“Stories from the Land” could widen scope with future seasons

This is the last in a series with Ryan McMahon and Wendell Collier about their CBC Gem series “Stories from the Land,” an adaptation of McMahon’s podcast which premiered on the digital streaming platform Friday, March 19.

The inevitable question comes up whenever conversation about a nearly-finished project starts to reach its endpoint. Now that the project is done, or almost done, or ready to go out for the world to see, interact with and enjoy, what comes after? Where do its creators go from here?

For Ryan McMahon and Wendell Collier, the creator and series producer, respectively, of the CBC Gem documentary series “Stories from the Land,” the answer is as simple as it is ambitious. The next step would bring them wherever there are Indigenous stories to be told.

“We hope that we get to do more of these,” Collier said.

“We hope that we get a second season, a third season. It would be amazing to do 52 of these. We’d love to do more of this, to go across Canada. We’d love to go into the States. There are, as we’ve learned from the podcast and Ryan can attest to, stories everywhere.”

While the television version of the series made its premiere on March 19, McMahon pointed to a hashtag campaign he began with the podcast version, #IndigenousStoriesEverywhere, which in turn was informed by community responses he received when he planned to take the podcast on tour.

“When I announced the podcast tour in 2016, the grant I was awarded to do the project originally was through the Canada Council for the Arts Reconciliation Grant program,” McMahon said.

“This project was in the first cohort. What I proposed was a 12-stop tour, and when I announced that I was awarded the prize and going on tour I had 92 communities say, ‘come here.’ I could only go to 12 of them. I ended up doing 30… but it really did prove to us that #IndigenousStoriesEverywhere.”

Those untold stories, and the sheer volume of them waiting and wanting to be told, are behind the drive to extend the reach of the series, either visually or in podcast form. While earlier McMahon and Collier noted the documentary series made a conscious effort to tell stories of Indigenous people while not necessarily focusing on larger systemic and cultural problems, those questions still linger and need to be addressed, and years of mistreatment at the hands of the Canadian government mean that Indigenous stories can come out of almost anywhere.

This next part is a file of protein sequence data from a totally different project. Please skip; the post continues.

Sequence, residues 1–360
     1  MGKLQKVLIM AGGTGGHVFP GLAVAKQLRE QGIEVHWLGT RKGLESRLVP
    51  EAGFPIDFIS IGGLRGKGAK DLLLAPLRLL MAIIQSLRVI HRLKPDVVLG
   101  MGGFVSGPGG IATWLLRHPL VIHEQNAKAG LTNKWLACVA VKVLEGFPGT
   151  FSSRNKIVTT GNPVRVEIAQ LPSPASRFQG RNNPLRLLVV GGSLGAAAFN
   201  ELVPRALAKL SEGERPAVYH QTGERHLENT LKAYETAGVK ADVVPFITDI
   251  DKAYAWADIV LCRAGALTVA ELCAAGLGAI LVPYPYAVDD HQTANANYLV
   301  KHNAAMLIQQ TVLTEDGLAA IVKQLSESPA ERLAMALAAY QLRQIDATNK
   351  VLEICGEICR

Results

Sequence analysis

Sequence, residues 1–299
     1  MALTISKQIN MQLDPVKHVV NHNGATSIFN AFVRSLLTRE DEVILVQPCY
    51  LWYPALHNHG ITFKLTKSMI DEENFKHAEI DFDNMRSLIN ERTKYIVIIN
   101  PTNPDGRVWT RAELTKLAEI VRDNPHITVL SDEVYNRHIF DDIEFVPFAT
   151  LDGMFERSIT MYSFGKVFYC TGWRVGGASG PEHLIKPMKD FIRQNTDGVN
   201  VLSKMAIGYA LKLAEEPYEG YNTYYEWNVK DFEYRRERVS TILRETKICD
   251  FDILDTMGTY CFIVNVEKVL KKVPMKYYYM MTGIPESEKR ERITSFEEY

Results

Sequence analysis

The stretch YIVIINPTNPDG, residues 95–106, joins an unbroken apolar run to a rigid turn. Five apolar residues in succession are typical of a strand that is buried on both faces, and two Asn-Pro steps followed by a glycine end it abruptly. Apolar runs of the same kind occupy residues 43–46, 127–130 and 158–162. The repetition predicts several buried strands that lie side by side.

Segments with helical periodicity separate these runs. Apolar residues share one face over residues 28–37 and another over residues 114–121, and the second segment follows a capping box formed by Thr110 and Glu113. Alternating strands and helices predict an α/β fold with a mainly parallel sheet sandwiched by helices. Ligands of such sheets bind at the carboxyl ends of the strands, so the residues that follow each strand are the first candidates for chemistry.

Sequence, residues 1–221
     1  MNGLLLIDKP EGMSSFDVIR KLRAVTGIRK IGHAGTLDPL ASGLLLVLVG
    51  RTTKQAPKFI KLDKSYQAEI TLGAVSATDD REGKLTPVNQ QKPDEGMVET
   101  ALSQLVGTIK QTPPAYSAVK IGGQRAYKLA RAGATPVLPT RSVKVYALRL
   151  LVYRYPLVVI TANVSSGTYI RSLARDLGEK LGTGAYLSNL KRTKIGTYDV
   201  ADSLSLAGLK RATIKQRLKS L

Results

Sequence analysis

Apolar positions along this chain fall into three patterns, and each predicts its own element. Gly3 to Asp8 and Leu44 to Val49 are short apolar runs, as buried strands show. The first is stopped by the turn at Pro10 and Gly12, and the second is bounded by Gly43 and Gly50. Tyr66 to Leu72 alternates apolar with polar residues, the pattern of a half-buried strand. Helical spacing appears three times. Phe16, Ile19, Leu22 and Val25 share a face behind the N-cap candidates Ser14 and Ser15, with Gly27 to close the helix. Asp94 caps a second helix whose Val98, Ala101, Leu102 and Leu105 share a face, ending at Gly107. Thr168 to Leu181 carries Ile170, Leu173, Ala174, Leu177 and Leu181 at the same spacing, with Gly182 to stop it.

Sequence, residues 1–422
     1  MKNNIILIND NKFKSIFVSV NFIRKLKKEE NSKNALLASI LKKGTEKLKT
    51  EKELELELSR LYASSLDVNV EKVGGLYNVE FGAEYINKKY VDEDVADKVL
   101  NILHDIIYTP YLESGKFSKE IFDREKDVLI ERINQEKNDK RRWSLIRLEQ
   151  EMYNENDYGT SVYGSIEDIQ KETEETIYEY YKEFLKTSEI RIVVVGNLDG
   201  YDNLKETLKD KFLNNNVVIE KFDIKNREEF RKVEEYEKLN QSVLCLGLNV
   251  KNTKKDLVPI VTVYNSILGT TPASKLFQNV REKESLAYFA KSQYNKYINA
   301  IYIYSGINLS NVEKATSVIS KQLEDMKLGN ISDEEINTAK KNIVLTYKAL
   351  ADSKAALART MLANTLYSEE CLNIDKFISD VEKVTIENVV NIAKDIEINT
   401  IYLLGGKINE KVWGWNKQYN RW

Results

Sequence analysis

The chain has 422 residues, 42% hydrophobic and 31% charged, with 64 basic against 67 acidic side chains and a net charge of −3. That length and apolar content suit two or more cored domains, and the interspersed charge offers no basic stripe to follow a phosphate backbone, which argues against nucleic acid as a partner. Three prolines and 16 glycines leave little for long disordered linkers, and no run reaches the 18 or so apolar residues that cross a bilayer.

“Canada, for better or worse, has done a great job of erasing Indigenous history,” McMahon explained.

“90 percent of that job was purposeful and intentional. The reserve system was built to erase Indigenous people, but what we know to be true is that in downtown Toronto there are sacred sites. The west coast of Vancouver, Stanley Park, is all Squamish land, so we have these stories all across Canada.”

Ryan McMahon, centre, speaks with knowledge keep Audrey Deroy on the shores of Lake Superior in this screen-grab form McMahon’s “Stories of the Land” episode “Wiigwaasabak – The Tree of Life.” McMahon said that there are many places from around the world where he could take his series to hear and explore Indigenous stories for future seasons. – photo courtesy of CBC

More than Canada, however, McMahon stressed that Indigenous stories aren’t just restricted to Canada, and that someday in the future the series might follow suit.

“We have these stories all across New Zealand and Australia, Finland, Norway, Sweden, Russia, Thailand, Japan,” he continued.

“There are Indigenous people everywhere who are chomping at the bit to have their voices heard. Colonization is not a Canadian project, it was a global project. I think it’s important to say we’re releasing a new season of the podcast along with the series [on March 19], so brand new episodes of the podcast will be available wherever you listen to podcasts.”

Both McMahon and Collier gave props to CBC for their support in helping to shoot the series and get it off the ground, and said they’re hopeful that the relationship continues to be beneficial for both sides so they can continue working on the show.

“CBC was super supportive through the whole shooting,” Collier said.

“They wanted to see the paperwork, that we had a plan and protocols. They wanted us to succeed as well. They didn’t want us to just sit and wait [through COVID]. Our executive had our backs the entire time.”

Even as the pair work towards the goal of more seasons and telling stories from further afield, McMahon said he and Collier are also in a better position to make those subsequent episodes and seasons even better now that they have the experience of the first production under their belts.

“We’re really excited that we have this series of films,” McMahon said.

“They stand alone. They’re fantastic on their own, but we know what we can do. We did this with COVID being our reality. Wendell is a fantastic filmmaker, a world-class DOP, one of the ones in Canada that has shot outside throughout his career and has mastered those tools. When you’re creating a series called ‘Stories from the Land,’ you need dudes that aren’t afraid of bug bites, who can rack focus from the front seat of a boat. You put all of that together and I think there’s something special here.”

The complete first season of “Stories from the Land” is available to stream now on CBC Gem.